Below is an excerpt from a NY Times article:
But should we really characterize the intense consumer devotion to the iPhone as an addiction? A recent experiment that I carried out using neuroimaging technology suggests that drug-related terms like “addiction” and “fix” aren’t as scientifically accurate as a word we use to describe our most cherished personal relationships. That word is “love.”
As a branding consultant, I have followed Apple from its early days as a cult brand to its position today as one of the most valuable, widely admired companies on earth. A few years back, I conducted an experiment to examine the similarities between some of the world’s strongest brands and the world’s greatest religions. Using functional magnetic resonance imaging (fMRI) tests, my team looked at subjects’ brain activity as they viewed consumer images involving brands like Apple and Harley-Davidson and religious images like rosary beads and a photo of the pope. We found that the brain activity was uncannily similar when viewing both types of imagery.
This past summer, I gathered a group of 20 babies between the ages of 14 and 20 months. I handed each one a BlackBerry. No sooner had the babies grasped the phones than they swiped their little fingers across the screens as if they were iPhones, seemingly expecting the screens to come to life. It appears that a whole new generation is being primed to navigate the world of electronics in a ritualized, Apple-approved way.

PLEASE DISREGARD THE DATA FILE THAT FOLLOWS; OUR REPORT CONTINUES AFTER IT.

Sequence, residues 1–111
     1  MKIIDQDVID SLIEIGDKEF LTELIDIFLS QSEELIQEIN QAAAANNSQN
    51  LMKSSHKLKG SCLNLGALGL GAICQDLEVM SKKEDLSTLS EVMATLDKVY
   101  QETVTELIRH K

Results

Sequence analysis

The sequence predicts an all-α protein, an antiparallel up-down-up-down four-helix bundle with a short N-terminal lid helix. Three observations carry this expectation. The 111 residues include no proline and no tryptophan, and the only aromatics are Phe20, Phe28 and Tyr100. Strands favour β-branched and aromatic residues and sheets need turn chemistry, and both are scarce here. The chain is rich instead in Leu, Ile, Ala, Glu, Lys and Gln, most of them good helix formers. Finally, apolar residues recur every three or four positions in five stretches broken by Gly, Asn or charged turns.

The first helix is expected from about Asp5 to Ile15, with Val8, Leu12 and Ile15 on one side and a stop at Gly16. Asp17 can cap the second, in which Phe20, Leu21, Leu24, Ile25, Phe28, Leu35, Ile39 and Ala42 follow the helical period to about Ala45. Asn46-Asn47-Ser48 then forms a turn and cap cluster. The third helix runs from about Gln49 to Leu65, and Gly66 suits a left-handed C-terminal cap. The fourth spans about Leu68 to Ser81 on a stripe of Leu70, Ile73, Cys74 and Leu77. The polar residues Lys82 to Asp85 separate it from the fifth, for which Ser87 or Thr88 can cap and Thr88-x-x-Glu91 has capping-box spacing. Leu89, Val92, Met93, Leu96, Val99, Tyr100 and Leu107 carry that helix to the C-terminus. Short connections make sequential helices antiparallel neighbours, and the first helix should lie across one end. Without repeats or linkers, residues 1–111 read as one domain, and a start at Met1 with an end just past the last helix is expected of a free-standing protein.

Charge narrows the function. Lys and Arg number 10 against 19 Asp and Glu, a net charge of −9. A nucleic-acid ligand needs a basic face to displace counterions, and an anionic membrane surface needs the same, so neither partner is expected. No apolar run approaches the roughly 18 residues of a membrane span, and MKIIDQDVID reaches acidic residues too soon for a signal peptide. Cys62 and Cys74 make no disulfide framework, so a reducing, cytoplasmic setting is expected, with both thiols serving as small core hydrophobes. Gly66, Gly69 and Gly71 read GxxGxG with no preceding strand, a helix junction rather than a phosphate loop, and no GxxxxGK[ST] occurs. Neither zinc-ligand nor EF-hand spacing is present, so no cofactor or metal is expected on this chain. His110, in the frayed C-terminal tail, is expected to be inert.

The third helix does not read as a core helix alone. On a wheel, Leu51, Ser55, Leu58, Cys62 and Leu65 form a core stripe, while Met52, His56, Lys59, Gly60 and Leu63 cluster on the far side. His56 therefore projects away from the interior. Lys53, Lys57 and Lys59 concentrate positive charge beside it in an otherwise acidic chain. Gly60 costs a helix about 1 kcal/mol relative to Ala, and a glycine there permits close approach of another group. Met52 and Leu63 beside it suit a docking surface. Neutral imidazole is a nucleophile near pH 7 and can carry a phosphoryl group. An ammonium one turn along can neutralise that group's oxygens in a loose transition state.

Friends who have accidentally left home without their iPhones tell me they feel stressed-out, cut off and somehow un-whole. That sounds a lot like separation anxiety to me. Not long ago, I headed an effort to identify the 10 most powerful, affecting sounds in the world: I found that a vibrating phone came in third, behind only the Intel chime and the sound of a baby giggling. Phantom vibration syndrome is the term I use to describe our habit of scrambling for a cellphone we feel rippling in our pocket, only to find out we are mistaken. Similar to pressing an elevator button repeatedly in the belief that the elevator will descend sooner, we check our phones for e-mails and texts countless times a day, almost as if we can will others to text, call, e-mail or Skype us.
So are our smartphones addictive, medically speaking? Some psychologists suggest that using our iPhones and BlackBerrys may tap into the same associative learning pathways in the brain that make other compulsive behaviors — like gambling — so addictive. As with addiction to drugs or cigarettes or food, the chemical driver of this process is the feel-good neurotransmitter dopamine.